Exhibition Overview – Survival Piece #5: Portable Orchard

Spanning the entire eighth-floor gallery, the Whitney’s presentation of Survival Piece #5: Portable Orchard is the first standalone museum exhibition of the indoor citrus grove since its debut in 1972. Portable Orchard is one of seven “Survival Pieces” created by the Harrisons between 1971 and 1973. In addition to the orchard, the presentation includes the original schematic drawing and archival documents, books, and other materials to contextualize the work’s groundbreaking expression of environmental activism.

The drawing describes all aspects of building and caring for the indoor orchard, including soil mix, planting, feeding, watering, lighting, pollination, harvesting, yield, propagation, and notes on vital signs. Although developed over fifty years ago, the installation resonates with the global environmental and climate issues we face today. The living sculptures will change over the course of the exhibition, growing harvestable fruit.

Historical Context

Helen Mayer Harrison (1927–2018) and Newton Harrison (1932–2022) began their decades-long collaboration in the 1970s when there was increasing social awareness of environmental concerns. The Harrisons brought together concepts and practices from their backgrounds in artmaking and education. Married in 1953, the Harrisons’s partnership in life and work led them to develop proposals for practical solutions to sustain life in an imagined future where traditional food systems and farming practices are obsolete.

The Harrisons took inspiration from new thinking around ecology that emerged in the 1960s and ’70s. Rachel Carson’s environmental science book Silent Spring (1962), which helped launch the environmentalist movement in the United States, was a critically important catalyst for the Harrisons as they began to develop their practice. Alongside the first significant steps in environmental protections and awareness, with the Clean Air Act of 1968 and the first Earth Day in 1970, the art world was also experiencing an awakening through the work of Minimal and Conceptual artists who were thinking about utilizing the land as a material and pushing the boundaries of what sculpture could be.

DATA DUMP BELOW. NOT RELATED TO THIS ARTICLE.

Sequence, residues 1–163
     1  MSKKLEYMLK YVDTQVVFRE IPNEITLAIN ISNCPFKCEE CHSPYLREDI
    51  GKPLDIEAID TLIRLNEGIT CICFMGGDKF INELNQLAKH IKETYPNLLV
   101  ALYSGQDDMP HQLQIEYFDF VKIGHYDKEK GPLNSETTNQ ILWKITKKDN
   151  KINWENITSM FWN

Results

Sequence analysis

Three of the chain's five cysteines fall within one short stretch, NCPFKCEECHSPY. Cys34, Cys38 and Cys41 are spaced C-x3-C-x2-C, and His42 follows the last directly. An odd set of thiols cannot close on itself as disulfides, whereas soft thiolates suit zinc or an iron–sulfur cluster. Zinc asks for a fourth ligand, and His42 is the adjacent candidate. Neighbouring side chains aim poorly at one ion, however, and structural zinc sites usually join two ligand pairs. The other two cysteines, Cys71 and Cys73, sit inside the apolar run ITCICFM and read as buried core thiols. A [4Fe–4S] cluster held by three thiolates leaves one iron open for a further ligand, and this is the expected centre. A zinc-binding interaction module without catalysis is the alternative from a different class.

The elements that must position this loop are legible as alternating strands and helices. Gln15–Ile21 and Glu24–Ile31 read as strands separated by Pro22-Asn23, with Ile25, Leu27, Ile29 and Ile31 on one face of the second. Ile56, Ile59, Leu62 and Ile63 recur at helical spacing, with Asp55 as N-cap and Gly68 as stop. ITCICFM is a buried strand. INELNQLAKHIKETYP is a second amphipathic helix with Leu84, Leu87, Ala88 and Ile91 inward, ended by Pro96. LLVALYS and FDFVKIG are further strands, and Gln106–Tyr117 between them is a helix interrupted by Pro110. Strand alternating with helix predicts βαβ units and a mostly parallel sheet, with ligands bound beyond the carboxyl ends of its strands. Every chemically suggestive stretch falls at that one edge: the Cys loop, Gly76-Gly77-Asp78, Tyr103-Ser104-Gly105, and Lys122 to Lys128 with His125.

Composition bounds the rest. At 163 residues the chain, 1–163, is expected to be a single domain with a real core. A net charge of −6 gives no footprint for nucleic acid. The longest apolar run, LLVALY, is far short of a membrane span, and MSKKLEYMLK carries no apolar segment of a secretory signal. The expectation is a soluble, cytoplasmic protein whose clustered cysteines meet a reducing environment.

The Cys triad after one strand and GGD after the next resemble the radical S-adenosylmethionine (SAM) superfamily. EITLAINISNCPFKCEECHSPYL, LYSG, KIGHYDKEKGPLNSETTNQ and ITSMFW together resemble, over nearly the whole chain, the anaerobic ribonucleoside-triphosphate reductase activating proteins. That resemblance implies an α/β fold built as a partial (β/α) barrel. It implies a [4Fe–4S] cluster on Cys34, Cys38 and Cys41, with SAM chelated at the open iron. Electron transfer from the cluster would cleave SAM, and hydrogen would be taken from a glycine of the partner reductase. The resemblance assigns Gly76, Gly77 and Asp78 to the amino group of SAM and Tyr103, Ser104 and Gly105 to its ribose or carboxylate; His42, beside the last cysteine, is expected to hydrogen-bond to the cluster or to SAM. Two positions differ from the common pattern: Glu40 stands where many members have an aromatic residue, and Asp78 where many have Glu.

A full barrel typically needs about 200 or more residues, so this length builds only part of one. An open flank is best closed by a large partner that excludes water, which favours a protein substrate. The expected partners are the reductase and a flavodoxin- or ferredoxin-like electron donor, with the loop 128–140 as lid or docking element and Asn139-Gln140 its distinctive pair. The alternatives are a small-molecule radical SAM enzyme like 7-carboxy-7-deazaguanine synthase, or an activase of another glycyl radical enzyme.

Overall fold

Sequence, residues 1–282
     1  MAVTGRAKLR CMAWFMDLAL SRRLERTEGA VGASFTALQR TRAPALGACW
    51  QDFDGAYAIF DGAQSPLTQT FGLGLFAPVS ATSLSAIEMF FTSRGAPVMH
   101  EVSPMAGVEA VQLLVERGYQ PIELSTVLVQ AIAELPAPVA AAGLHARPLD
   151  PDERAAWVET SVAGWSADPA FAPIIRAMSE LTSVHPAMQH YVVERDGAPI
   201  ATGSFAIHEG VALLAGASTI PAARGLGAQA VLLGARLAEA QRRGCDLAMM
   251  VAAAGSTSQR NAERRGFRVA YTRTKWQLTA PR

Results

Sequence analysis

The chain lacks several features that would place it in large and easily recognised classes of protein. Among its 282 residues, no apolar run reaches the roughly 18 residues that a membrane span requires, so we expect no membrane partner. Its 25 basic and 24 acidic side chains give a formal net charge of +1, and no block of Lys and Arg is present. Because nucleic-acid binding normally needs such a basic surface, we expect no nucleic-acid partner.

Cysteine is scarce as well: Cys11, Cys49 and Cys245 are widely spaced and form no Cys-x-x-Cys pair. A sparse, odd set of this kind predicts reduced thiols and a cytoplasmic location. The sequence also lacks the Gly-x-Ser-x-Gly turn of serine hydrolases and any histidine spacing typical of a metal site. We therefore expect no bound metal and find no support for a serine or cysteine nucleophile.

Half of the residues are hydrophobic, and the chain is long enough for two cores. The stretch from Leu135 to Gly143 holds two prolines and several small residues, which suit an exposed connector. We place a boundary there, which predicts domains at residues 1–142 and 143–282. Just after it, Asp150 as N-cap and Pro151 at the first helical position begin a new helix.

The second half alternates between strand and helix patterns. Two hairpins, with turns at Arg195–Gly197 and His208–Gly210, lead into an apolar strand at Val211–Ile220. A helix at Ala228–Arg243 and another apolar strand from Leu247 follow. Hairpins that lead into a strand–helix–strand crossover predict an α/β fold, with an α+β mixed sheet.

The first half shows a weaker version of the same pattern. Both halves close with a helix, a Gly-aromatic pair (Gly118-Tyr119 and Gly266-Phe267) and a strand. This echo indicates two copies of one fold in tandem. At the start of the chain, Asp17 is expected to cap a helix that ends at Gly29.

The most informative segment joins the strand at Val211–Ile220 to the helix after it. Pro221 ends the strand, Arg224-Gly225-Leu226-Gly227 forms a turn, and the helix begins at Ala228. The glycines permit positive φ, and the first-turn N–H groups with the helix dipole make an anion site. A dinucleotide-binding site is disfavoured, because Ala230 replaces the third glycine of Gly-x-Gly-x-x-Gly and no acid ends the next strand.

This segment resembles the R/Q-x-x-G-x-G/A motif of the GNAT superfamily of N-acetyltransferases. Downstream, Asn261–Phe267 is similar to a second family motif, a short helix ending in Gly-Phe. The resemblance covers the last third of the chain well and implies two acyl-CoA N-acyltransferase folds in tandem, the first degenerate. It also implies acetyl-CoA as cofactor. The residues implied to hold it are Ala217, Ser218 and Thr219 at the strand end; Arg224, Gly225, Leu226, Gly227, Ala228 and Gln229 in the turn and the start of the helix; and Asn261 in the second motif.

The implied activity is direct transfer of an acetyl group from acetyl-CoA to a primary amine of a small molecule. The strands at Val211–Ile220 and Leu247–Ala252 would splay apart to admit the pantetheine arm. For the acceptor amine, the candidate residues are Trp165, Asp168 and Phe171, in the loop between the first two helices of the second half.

From 1971 to 1973, the Harrisons designed seven “Survival Pieces” to explore questions and possibilities around self-sustaining, manufactured ecosystems. Each project was site-specific and responded to the challenges and degradation of the local environment. The “Survival Pieces” comprise the realized installations and detailed drawings that allow the projects to be restaged. In written reflections on their work from the 1970s, the Harrisons described that period as their “years of prophecy.” Their predictions of a future marked by environmental destruction make the work even more urgent fifty years later.
Sustainability Efforts at the Whitney

With guidance from horticultural and sustainability partners, the Whitney’s exhibition team followed the Harrisons’s model, considering the environmental impact of the fabrication and implementation of the installation. This presentation utilizes reclaimed redwood lumber from a local mill to build the planters and lightboxes. Although citrus trees do not grow naturally in the Northeastern U.S., the team minimized transport by sourcing the trees from a family-owned orchard in South Carolina that produces the varieties of citrus specified in the Harrisons’s blueprint. The fruits grown from the trees will be harvested and used in public programs and staff events throughout the exhibition. The trees, wood, and other materials will be replanted, reused, and recycled when the exhibition closes at the Whitney.

Whitney Museum presents groundbreaking eco art project with a live citrus grove (2024)